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Are fourier series unique?

  1. Nov 7, 2004 #1


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    For a given function with a certain finite period, is there only one set of fourier series coefficients [tex]a_n[/tex] and [tex]b_n[/tex]? The reason I ask is, I was doing a problem where it asked for the coefficients for a certain odd function, and then it asked for the coefficients for that same function shifted up by a constant. Are all the [tex]b_n[/tex]'s the same, and [tex]a_0[/tex] just twice the constant? I tried real quick using the definition to see if this came out the same, and it didn't, but I might have made a mistake. Could there be two series for the same function?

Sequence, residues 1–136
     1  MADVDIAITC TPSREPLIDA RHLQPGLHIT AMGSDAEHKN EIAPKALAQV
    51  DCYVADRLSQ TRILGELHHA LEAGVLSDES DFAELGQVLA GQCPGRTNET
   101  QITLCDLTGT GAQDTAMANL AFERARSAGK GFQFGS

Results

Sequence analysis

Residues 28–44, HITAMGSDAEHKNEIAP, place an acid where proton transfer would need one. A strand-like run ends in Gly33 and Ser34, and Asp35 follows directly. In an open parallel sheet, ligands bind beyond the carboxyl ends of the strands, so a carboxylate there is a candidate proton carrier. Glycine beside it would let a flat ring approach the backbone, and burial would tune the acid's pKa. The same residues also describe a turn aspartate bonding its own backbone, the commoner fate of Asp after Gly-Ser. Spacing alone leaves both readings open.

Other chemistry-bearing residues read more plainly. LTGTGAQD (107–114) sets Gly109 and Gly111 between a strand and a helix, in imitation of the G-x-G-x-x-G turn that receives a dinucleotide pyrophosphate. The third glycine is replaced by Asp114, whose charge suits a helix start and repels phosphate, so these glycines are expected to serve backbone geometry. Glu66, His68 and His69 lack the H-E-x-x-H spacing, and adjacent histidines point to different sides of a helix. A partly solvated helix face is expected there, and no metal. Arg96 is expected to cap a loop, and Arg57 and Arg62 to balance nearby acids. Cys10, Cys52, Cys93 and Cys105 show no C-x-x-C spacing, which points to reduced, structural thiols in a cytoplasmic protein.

2. jcsd
  3. Nov 8, 2004 #2

    matt grime

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    Given a function, the coefficients are unique, though the converse is false.

    Consider the example of f(x) and f(x)+k, for some k, which is how I read your query.

    Then, since the integral of ksin(nx) and kcos(mx) are zero over the interval, it follows teh non-constant terms are the same, and the constant term is then the integral of f(x)+k, which is the original constant integral plus k times the length of the interval. Note, I haven't allowed for dividing by 2pi or anything since that is a non-canonical choice, and I hope you can fill in the constants properly.
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